A review of America’s First Great Depression has just been published by Essays in Economic and Business History 31 (2013). “A clear strength of the book,” says Professor John Moore, is that it “addresses the social, political, and diplomatic consequences of the Panic, and successfully points out that each of these areas, in some manner, influenced the others . . . [The book] makes a valuable contribution to nineteenth century economic downturns and their impact upon American society . . . [and] makes a strong case that historical business cycles feature many of the same attributes as modern ones.” Read the review.
My chapter “The rise and fall of discipline: Economic globalization, administrative reform, and the financial crisis” has just been published in Handbook de administração pública (Lisbon: INA Press), edited by César Madureira and Maria Asensio. More details about the book.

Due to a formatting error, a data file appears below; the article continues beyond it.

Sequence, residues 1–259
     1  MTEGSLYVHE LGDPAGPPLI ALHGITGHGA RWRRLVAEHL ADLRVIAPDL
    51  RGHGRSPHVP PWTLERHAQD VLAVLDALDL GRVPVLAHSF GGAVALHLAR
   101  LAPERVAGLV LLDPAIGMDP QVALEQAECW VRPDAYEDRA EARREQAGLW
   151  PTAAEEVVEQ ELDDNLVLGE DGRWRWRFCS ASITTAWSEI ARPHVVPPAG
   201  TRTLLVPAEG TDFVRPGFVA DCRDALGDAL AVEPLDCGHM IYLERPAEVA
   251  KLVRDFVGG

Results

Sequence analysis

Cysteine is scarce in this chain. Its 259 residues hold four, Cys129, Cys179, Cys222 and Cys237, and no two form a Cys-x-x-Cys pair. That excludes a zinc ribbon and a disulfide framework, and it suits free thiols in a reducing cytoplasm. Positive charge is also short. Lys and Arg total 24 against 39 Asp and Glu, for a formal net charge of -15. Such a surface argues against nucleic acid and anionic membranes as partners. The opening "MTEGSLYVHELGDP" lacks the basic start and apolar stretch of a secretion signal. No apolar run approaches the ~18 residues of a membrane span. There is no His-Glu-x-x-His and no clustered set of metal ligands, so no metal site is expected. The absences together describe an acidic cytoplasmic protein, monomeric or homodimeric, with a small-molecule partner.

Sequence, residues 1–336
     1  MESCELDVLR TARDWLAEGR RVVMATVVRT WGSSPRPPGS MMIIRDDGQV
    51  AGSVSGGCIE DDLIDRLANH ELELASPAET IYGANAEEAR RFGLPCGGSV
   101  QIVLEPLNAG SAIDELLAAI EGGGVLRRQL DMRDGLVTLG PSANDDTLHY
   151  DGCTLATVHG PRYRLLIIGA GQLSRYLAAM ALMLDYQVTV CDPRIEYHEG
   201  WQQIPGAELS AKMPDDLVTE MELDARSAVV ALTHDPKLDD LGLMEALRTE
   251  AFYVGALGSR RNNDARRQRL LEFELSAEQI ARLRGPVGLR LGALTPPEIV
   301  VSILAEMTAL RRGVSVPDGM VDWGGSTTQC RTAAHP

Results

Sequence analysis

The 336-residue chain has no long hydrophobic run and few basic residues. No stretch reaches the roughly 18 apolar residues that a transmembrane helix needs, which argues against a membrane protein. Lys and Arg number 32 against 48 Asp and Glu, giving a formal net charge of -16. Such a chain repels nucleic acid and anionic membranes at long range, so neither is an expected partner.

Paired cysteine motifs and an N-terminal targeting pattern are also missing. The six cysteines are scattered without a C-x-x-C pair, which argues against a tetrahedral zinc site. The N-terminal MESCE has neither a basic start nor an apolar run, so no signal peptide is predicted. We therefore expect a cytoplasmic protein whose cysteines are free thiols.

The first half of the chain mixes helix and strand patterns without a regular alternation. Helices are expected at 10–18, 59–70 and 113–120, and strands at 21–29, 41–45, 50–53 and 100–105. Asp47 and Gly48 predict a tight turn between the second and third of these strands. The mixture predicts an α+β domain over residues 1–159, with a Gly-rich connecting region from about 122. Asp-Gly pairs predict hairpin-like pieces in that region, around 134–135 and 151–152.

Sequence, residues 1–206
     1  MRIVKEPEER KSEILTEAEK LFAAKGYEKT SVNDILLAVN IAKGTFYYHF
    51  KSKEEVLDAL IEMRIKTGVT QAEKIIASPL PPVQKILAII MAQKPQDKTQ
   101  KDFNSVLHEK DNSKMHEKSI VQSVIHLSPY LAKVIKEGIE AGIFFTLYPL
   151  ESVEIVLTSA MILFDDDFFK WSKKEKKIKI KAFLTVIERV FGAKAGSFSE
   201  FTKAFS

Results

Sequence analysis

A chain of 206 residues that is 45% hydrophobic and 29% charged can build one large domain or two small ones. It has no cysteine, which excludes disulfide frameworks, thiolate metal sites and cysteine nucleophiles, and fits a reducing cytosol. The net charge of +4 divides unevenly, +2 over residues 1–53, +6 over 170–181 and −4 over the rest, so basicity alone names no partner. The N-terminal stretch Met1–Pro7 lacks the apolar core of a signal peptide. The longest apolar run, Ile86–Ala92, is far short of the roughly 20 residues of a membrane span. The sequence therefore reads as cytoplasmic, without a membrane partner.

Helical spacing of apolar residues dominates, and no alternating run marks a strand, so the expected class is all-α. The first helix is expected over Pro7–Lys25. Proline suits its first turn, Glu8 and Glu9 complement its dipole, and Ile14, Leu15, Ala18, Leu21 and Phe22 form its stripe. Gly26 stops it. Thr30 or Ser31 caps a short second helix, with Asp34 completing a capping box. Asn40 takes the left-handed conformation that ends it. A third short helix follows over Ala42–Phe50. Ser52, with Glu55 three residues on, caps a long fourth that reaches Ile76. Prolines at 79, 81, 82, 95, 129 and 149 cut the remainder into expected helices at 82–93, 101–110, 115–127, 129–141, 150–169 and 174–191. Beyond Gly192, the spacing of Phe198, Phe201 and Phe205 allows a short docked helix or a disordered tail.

Michael Keaney of the Metropolia Business School, Finland reviews The Logic of Discipline in the current issue of Political Studies Review.
I’ll be participating in this conference on the politics of fiscal squeeze at the British Academy on July 9-10. It is convened by Professors Christopher Hood and David Heald.
Daniel Littman, an economist in the Research Department of the Federal Reserve Bank of Cleveland, reviews America’s First Great Depression in the current issue of Forefront, the Bank’s magazine: “The parallels between pre-industrial America’s 1837 financial crisis and that of our own time are particularly strong. The beauty of Roberts’ book is that the reader can see the entire arc of the crisis, from beginning to end, in a historical context—something that studies of the 2008 event will lack for many years to come. Roberts nicely combines narrative history with analysis. His book is accessible to both the expert and the novice in economic history. Highly recommended.” Read the review.